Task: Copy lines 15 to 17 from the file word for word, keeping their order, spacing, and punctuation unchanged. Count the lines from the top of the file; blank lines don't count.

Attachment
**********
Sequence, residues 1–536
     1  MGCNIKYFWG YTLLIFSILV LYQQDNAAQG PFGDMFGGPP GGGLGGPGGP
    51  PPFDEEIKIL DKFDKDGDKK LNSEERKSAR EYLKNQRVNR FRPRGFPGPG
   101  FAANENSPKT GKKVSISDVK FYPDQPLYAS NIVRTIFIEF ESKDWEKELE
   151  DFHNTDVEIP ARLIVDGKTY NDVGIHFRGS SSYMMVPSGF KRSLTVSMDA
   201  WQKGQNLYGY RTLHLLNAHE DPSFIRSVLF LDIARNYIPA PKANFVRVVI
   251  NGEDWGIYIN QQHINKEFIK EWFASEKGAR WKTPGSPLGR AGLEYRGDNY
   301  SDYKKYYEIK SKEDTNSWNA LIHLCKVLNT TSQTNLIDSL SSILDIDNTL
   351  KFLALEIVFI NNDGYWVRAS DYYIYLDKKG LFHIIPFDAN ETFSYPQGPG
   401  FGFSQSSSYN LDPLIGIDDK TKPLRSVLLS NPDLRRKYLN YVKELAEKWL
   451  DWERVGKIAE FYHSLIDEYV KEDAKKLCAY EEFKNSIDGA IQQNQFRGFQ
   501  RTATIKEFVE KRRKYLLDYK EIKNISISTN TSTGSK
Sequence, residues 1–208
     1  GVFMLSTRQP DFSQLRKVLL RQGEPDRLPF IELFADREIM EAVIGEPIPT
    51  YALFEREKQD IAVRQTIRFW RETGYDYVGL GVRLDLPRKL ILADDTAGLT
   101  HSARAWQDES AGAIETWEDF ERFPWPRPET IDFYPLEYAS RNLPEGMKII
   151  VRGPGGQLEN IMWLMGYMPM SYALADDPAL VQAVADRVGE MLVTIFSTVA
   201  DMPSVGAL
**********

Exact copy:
    51  YALFEREKQD IAVRQTIRFW RETGYDYVGL GVRLDLPRKL ILADDTAGLT
   101  HSARAWQDES AGAIETWEDF ERFPWPRPET IDFYPLEYAS RNLPEGMKII
   151  VRGPGGQLEN IMWLMGYMPM SYALADDPAL VQAVADRVGE MLVTIFSTVA